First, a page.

The cheese department and the produce department get along well at our store. For the last 13 years we’ve shared a backstock cooler, route questions to each other, and have happily coexisted on the south side of the store. The only time this peace is ruptured is when we cut a particularly stinky piece of cheese.
I’m not talking an every day stinky cheese, or a small, washed rind cheese that goes from box to counter in five minutes. No, I’m talking about problems, projects, and Alpine cheeses with super sticky washed rinds.
I’m not going to mention the name of the cheese that caused the problems last Saturday. I don’t need to be corrected with any “I don’t think it smells that bad”s or, worse yet have the cheesemaker or importer give me a hard time. The fact is, once it’s cut down the rind to cheese ratio makes it much less intense so most customers would never notice the way it smells when it first comes out of the cooler and gets unwrapped.
On Saturday however, people noticed. It was one of those days that we were so swamped with customers that our production slowed to a standstill, letting the smell of this little “mini-Gruyere” really get out into the atmosphere. Shoppers were wrinkling their noses. Children were asking their parents, “What’s that smell?” The produce workers were complaining.
One by one they came over to our area and asked, “What is that?” I assured them that it was cheese and that it was ok, but they were cutting me with their eyes every time they passed. One finally said, “Are you almost done with that? I’m feeling my gorge rise!”
Even after it was wrapped and put on the shelf, its smell lingered. Even an hour later my favorite vegan co-worker walked by and she noticed. Head on a swivel, she looked around the store. Then she started moving boxes around and looking under produce displays. I went over to her to let her know everything was ok.
Before I could speak she whispered, “I smell a dead rat.”
“It’s just cheese,” I said.
“No, that’s dead rat. I know.”
I walked her over to the compost and pulled out the paper that had once held our smelly Alpine friend. I held it up to her face.
“UGH! Ack!” Then she looked at me with all her vegan wrath and said, “What is wrong with you people?”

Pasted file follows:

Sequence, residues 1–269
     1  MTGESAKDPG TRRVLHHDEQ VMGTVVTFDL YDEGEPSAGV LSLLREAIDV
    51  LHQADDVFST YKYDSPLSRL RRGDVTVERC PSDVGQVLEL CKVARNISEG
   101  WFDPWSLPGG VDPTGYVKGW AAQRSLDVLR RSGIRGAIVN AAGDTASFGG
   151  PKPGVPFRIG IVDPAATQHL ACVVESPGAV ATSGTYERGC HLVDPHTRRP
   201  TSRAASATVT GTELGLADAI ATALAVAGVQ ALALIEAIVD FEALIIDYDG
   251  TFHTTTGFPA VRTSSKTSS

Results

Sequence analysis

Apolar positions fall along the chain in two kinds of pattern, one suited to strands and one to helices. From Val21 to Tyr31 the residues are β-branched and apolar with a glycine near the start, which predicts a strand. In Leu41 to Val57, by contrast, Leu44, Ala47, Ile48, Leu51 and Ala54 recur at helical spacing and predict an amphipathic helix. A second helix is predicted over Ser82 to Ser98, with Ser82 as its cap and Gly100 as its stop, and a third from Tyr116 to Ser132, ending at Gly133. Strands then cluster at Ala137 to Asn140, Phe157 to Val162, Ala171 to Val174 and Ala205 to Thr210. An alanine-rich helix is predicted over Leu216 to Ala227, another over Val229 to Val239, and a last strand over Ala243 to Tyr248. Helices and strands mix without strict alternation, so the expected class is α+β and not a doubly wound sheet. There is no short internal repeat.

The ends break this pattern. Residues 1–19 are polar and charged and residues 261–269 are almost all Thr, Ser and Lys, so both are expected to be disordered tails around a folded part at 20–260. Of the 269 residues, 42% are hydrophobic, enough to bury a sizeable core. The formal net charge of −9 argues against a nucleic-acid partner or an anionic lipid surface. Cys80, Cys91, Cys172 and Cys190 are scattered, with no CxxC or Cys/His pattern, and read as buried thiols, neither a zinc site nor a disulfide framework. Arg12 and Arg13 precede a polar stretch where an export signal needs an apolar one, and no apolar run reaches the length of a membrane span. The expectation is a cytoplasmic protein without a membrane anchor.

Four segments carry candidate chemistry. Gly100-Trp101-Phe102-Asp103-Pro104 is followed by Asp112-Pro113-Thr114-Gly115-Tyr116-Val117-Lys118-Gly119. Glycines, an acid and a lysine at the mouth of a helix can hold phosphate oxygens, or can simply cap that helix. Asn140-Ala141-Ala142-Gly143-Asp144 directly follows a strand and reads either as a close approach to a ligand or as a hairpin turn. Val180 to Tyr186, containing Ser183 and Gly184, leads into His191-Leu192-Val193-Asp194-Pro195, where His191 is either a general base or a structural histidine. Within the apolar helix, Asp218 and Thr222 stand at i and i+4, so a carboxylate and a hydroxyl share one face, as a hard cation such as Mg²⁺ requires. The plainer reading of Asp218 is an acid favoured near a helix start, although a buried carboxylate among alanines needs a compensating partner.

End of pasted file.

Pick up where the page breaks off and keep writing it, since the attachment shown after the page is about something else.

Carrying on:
hahhaha – I know what you mean. I get that look a lot from my wonderful SO who does not like cheese in particular stinky ones. It grosses him out when I tell him that smell makes my mouth water! heheh
i like this.
Very funny! “Vegan Wrath” just knocked off “Big in Clovis” as my favorite new phrase of the week.
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This is funny. I am well aware of how cheese aromas can linger long after the physical presence has been removed.
In the mid 1950s I lived in a Wisconsin village that was the site of an Italian cheese factory. Provolone, Fontina, Ricotta, etc., were the mainstays.
Our house was less than half a mile from the factory and we always knew when some batches were being worked.
Once, a discharge valve seized and about 500 gallons of whey was discharged outside the building instead of into a holding tank. We REALLY knew about that the next morning – and it happened in the summer. That aroma lingered for weeks.
I worked in my mom’s bakery and the aromas we produced helped to counteract some of the cheesy scents.
I love most stinky cheeses. I still order aged brick from Wisconsin because no one outside the state seems to know about it.
I love the funk however most of my friends and relatives hate it. In my opinion, the stinkier the better! Sadly, I have a hard time appreciating the milder cheeses now.
So…think you could clue me in to what this smelly sensation is? So curious!